I am having trouble coming up with a “plan” and sticking to it. Obviously, like 99% of T-Nation, training is my love and passion, something I cannot do without. Due to the injury, I can’t do most things without pain, or furthering my problem.

Hopefully the physical therapist can help me create a plan to stick with. But I’ve got 5 long, boring days until then (not to mention I’ve struggled for the past few months).

I can do push-ups, BW squats, and ab work. I can do things like somersaults and bear crawling, as well as all the mobility I want (and need). I just can’t find the motivation to do it. I woke up this morning with the intent to work on some specific areas with mobility, and do some BW circuits and some ab work. I’ve been up for about an hour and I have ZERO motivation.

So my question is, how are people tackling the mental aspect of a physical injury? I probably come off as a baby or a lazy person, but hear me out - being unmotivated/depressed is harder to deal with than one may think. [/quote]

What is the injury again, exactly? I might be able to give you a little advice. See, I used to be almost fully handicapped for several years before getting a new hip (as part of an experimental program – ended up having a feature done in me in the NY Times as one of the all-time great recovery stories). I know lots about starting from scratch (actually couldn’t walk) and no motivation. My most recent training program (ended in April) saw me gain at the rate of roughly 1lb./10 - 12 days. Of this, about 20% has been fat. Think about that. This is simply excellent progress for anyone. I am 51, btw… So I have put on nearly 20 lbs. 16 of which is muscle. Losing that last 4 lbs was not hard either.

Motivation: You don’t want to deal with this. Ever. So don’t. Make a schedule and stick with it. “Doing it is what gets it done”. If you have to amp yourself up to train you will miss workouts, lose momentum and gradually grind to a halt. The mindset is this: If it is 4 o’clock ( or whatever works) you are in the gym. Period. Even if you don’t feel like it at all, go there and change into your workout togs, then make the decision (the one time I did this and bailed on working out it was because I was coming down with a killer case of the flu.) Otherwise, sitting in a gym all ready to go and saying “no” sure feels like a cop-out.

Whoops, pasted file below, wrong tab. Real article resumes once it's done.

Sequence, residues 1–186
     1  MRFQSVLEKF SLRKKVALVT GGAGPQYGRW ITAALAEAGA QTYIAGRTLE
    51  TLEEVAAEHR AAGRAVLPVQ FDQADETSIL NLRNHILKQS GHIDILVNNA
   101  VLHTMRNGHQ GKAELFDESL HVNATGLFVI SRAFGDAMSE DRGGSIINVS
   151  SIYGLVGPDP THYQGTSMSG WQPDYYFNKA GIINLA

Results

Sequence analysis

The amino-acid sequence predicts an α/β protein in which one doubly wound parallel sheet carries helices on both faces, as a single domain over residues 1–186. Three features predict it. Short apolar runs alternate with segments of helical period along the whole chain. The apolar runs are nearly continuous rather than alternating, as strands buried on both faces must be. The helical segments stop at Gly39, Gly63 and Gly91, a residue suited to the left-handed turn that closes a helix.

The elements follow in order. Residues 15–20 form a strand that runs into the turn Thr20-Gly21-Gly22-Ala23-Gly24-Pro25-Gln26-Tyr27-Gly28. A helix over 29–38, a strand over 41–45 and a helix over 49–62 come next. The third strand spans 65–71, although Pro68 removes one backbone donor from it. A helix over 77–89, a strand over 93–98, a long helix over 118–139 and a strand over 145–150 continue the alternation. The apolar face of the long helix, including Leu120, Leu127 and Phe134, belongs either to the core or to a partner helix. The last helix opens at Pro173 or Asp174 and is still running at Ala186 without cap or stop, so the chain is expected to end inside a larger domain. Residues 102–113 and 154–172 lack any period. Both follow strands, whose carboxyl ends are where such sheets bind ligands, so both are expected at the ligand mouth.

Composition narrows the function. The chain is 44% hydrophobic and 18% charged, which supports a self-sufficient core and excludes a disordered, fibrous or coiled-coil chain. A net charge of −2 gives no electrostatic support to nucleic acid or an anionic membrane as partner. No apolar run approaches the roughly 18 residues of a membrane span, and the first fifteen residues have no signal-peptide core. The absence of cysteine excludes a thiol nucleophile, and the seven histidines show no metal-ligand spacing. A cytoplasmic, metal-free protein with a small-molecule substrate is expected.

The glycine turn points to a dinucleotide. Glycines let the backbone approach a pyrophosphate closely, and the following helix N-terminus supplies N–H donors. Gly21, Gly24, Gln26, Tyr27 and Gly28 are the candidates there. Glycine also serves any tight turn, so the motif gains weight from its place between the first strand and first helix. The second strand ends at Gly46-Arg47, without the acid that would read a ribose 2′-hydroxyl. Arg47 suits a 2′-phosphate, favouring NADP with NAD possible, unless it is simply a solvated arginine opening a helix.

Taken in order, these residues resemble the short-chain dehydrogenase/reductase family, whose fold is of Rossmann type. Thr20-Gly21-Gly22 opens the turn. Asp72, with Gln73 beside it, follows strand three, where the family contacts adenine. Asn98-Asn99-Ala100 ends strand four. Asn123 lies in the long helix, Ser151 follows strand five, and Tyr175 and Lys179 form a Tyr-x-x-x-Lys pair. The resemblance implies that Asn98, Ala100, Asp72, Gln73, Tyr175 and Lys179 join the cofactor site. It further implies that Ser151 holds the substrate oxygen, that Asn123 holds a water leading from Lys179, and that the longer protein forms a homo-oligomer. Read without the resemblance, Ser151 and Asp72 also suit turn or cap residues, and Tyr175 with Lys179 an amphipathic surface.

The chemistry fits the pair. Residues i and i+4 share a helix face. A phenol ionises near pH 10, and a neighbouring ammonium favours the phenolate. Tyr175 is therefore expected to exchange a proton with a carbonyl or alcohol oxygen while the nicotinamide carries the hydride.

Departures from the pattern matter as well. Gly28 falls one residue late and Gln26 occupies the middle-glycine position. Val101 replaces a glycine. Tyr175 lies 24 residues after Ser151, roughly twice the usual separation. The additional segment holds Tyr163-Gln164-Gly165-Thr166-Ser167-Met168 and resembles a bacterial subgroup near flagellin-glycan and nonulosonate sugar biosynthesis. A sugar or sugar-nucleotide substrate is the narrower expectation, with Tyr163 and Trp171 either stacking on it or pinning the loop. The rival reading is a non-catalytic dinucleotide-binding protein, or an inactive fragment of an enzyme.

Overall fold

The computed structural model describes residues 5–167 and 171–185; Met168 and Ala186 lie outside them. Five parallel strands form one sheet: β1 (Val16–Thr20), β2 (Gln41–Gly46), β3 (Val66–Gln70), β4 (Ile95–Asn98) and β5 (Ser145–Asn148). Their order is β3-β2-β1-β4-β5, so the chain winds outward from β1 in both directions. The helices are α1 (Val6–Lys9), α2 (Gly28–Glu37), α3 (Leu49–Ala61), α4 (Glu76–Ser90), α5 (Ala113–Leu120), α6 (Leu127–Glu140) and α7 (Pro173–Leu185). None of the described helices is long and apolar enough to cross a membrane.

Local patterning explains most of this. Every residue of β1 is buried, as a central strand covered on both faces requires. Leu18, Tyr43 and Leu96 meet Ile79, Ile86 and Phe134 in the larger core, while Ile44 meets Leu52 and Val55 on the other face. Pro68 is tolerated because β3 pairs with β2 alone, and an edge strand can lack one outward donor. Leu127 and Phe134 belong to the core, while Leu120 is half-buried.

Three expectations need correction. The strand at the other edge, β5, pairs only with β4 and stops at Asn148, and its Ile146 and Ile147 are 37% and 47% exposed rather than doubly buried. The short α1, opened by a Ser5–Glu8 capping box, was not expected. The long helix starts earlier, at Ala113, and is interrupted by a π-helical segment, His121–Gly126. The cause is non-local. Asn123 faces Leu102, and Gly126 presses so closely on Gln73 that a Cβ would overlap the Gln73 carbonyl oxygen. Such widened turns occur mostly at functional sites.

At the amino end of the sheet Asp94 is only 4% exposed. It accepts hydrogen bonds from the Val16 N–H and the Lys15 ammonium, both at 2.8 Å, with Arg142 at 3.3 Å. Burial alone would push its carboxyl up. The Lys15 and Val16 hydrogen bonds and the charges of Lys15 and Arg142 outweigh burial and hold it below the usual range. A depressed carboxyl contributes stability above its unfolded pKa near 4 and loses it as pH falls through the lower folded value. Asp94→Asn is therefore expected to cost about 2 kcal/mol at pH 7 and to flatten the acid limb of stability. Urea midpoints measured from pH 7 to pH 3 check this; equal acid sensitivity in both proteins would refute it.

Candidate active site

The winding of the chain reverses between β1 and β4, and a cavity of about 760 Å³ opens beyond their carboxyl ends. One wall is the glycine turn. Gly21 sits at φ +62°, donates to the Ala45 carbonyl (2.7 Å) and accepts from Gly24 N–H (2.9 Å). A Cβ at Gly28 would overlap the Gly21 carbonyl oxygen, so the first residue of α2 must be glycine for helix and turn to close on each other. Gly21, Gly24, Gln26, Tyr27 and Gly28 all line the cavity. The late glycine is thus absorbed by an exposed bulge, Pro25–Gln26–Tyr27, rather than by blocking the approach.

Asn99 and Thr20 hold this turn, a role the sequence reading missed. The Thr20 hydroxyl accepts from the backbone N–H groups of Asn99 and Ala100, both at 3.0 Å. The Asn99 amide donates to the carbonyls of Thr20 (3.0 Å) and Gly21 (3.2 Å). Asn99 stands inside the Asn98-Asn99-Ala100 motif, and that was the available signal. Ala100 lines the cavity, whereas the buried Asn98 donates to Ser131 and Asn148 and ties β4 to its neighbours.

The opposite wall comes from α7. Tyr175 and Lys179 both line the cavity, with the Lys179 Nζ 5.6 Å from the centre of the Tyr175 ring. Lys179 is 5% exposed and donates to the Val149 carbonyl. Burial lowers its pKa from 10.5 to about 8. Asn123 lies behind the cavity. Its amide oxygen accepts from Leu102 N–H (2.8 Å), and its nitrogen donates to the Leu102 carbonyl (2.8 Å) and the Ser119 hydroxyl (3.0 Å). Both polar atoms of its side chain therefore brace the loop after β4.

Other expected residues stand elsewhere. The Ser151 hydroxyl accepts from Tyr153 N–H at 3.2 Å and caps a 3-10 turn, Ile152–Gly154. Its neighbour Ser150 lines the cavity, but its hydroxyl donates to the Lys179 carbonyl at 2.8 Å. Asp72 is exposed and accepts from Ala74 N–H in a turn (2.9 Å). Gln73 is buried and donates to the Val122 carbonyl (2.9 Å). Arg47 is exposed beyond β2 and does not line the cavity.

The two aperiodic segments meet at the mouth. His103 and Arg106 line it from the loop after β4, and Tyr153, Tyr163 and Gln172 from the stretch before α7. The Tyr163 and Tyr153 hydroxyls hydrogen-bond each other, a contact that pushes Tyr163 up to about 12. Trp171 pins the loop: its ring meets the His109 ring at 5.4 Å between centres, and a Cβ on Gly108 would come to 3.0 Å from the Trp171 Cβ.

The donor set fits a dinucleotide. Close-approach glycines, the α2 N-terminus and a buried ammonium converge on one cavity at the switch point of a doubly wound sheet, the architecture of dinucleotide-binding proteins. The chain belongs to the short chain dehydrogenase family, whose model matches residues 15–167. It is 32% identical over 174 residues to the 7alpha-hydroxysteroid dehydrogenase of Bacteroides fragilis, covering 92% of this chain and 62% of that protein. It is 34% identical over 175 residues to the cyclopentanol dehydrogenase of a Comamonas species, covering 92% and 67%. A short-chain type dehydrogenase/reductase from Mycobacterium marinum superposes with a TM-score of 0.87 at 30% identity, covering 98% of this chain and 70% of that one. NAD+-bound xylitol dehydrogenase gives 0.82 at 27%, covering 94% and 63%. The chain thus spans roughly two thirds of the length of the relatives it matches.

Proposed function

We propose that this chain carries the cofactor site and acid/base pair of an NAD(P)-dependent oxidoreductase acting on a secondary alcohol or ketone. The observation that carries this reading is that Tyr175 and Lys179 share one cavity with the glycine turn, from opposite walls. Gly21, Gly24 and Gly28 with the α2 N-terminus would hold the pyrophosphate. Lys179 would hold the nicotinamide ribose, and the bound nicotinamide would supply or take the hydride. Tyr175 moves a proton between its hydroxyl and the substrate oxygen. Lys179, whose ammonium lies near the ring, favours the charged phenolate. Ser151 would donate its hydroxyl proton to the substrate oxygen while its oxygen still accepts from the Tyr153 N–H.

Exercises: Tell me what your limits are. I’ve tried damn near everything and have very good ways of training around pretty nasty physical problems. (Aside from being For instance, you can BW squat? Awesome. Have you considered working up to pistols? (Just an example, don’t just go out and do it). Need to figure out what you lack because of the injury, address imbalances it is causing, if any, and balance out your training. Being injured is a great time to work form and activation — take the long view. Technique will get you the most bang for your buck. So if, say, you have a back injury, doing light deadlifts and really burning in the correct form will mean that once you are recovered, you can really make progress. Hitting the supplemental and complimentary exercises to the big lifts can help you make simply awesome progress when you get a clean bill of health too.

Success: “Nothing succeeds like success”, as they say. You should engineer your training so that you have attainable goals and can see progress. Going to the gym and suffering through another lame workout because you are hurt will kill off any enthusiasm you may have and might make it so you give up training entirely. I’m serious. Aristotle was oh so right when he stated that we are what what we do repeatedly, so excellence is a habit. Part of my success has been my ability to chart training so I can always feel like I did something worthwhile. Oh and part of this is being realistic about what you can really do. Never be afraid of your workout. (This is the one major reason people try then stop doing Crossfit.) Aim for solid workmanship. Not sure what this means? Start asking folks here on T-Nation.

Intensity: I am an intensity junkie. I can tell you how to train very hard. Very hard indeed (yes, I’ve run training for a group of 20-somethings and had them tossing their cookies trying to keep up. No joke.) Sometimes, this is even necessary. ;D My point is that I do it in bouts because I enjoy it and like the feeling, but it is only one training protocol. It may be applied to everything, but with the caveat that you can get overuse issues and give yourself a whole host of other injuries too. Have to be smart about intensity.

– jj
[/quote]

This is a phenomenal post. You have covered absolutely everything in great detail.

I am not entirely sure what the “issue” is, but my symptoms are back spasms in the mid-left back, and a very stiff back. Possibly stiff/out of place ribs. I also have some ribs that keep popping out on the right side, as well as some upper back/lower neck pain.

I am very happy with the great posts I have seen in this thread and in the other. Some very great people out there that know how to tackle these roadblocks.